(Bloomberg) — Two potentially destructive earthquakes struck minutes apart in the Indian Ocean and Japan today, generating tsunami alerts for India, Myanmar, Indonesia, Thailand, Bangladesh and Japan.
The larger of the two quakes was a magnitude-7.6 temblor that hit the Andaman Islands in the Indian Ocean. It was followed less than 15 minutes later by a 6.6-magnitude quake in Japan southwest of Tokyo.
The tsunami watch was later canceled, the U.S. Pacific Tsunami Warning Center said, adding that no significant tsunami was generated.
The alert was in effect for as long as three hours after the quake struck parts of India, Myanmar, Indonesia, Thailand and Bangladesh, the Japan Meteorological Agency said.
The Andaman quake struck at a depth of 33 kilometers (21 miles) at about 1:55 a.m. local time and was centered 260 kilometers north of Port Blair in the Andaman Islands, or about 825 kilometers west of Bangkok, the U.S. Geological Survey said.
A magnitude-9.1 earthquake that hit off the coast of Aceh in northern Sumatra in December 2004 triggered a tsunami that swept across the Indian Ocean, leaving more than 229,000 dead or missing from Southeast Asia to eastern Africa.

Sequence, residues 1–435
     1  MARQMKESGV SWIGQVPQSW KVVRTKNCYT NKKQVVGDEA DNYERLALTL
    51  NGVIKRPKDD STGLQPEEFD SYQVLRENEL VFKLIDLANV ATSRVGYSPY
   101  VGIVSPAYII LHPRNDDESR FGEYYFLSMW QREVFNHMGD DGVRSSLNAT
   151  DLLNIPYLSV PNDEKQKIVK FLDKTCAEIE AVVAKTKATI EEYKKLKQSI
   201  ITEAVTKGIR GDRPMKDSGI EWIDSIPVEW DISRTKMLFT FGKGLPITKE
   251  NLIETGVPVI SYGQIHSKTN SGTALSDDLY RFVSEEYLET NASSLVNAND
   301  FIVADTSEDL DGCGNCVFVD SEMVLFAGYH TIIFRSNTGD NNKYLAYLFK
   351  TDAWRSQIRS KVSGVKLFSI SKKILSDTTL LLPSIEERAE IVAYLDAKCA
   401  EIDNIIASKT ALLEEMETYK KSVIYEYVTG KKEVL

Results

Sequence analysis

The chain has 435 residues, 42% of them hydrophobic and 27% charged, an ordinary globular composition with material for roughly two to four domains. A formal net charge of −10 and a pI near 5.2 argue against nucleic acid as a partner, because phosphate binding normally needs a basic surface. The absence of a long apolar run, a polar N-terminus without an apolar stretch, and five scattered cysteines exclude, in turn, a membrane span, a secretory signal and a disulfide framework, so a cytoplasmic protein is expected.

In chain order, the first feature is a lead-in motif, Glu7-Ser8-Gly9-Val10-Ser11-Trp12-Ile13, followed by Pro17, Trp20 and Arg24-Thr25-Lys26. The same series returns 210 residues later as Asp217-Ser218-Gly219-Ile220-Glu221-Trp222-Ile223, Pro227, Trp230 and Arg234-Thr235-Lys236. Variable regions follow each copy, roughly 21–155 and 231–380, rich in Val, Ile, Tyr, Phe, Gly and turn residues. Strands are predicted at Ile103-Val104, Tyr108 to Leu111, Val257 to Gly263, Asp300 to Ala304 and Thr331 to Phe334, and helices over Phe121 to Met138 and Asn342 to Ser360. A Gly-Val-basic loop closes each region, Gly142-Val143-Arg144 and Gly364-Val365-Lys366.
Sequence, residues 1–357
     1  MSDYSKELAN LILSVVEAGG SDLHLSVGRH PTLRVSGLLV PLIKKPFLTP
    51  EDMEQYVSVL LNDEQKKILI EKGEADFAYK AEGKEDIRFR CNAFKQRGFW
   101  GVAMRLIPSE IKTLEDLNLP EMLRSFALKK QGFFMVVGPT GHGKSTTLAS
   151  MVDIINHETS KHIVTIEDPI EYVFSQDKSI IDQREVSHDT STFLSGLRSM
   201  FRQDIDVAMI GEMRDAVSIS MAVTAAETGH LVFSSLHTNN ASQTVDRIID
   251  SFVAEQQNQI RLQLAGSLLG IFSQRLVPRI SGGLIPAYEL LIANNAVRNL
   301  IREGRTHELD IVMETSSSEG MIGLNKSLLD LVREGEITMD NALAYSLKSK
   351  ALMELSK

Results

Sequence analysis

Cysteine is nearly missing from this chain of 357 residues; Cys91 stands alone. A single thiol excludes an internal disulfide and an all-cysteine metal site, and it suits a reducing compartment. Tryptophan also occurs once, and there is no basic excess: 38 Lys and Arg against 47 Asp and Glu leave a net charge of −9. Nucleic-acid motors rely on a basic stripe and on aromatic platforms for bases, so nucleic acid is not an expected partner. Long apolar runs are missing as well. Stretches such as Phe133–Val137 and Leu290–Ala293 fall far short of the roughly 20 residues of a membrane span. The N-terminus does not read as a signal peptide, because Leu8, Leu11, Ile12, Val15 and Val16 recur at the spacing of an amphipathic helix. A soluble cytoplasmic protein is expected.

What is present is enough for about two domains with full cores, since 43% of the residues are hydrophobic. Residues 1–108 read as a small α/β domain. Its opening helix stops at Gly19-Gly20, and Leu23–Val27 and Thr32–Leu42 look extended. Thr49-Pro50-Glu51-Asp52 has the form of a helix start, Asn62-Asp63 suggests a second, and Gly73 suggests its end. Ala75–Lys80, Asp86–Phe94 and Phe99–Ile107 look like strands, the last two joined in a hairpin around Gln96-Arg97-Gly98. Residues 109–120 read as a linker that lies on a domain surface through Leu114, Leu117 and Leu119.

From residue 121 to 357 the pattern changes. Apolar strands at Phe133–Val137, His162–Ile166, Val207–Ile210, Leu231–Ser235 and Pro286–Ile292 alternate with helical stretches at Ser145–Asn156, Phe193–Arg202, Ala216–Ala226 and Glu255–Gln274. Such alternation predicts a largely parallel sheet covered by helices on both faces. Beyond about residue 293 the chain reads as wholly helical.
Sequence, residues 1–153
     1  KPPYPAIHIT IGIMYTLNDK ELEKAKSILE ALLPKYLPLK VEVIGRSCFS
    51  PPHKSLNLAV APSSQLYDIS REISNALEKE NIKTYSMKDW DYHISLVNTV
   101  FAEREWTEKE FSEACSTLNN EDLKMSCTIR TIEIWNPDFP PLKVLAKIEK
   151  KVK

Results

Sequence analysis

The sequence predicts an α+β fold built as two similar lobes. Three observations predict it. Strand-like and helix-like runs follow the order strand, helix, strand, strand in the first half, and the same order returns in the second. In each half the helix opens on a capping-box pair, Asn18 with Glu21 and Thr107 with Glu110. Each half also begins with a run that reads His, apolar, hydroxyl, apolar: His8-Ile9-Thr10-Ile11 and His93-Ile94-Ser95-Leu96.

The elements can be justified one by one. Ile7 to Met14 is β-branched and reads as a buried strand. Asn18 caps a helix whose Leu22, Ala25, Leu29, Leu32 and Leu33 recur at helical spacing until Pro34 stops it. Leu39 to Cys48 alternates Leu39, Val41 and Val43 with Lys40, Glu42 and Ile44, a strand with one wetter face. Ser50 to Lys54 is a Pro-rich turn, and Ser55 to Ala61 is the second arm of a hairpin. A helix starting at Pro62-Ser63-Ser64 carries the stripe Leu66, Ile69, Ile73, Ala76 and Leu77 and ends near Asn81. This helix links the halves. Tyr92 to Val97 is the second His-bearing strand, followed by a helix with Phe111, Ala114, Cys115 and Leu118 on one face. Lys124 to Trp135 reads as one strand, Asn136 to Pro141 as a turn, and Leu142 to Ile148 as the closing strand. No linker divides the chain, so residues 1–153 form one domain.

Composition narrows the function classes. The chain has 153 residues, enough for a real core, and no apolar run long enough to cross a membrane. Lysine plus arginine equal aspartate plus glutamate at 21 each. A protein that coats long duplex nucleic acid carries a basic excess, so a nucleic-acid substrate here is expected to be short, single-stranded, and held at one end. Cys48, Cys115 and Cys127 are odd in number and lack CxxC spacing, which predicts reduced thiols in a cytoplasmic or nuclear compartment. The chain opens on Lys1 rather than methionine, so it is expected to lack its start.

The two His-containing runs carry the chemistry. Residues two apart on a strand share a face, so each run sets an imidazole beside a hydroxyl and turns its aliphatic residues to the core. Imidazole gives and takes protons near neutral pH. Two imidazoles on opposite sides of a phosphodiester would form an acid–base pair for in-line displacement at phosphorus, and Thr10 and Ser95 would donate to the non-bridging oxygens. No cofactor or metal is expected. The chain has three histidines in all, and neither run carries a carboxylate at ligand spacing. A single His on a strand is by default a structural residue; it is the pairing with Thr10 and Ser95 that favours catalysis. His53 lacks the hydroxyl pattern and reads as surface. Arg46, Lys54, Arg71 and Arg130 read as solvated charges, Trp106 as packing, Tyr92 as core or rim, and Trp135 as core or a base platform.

In Japan, the national weather agency said a magnitude-6.6 earthquake struck Tsuruga Bay area southwest of Tokyo early today. The USGS measured the quake as a magnitude-6.4. A tsunami warning was issued and a 30-centimeter (1-foot) wave hit the coast about 20 minutes later, NHK
The earthquake struck at 5:07 a.m. local time 20 kilometers below the seabed, about 170 kilometers southwest of Tokyo near the Izu peninsula, the agency said on its Web site.
There were no immediate reports of damage or injuries.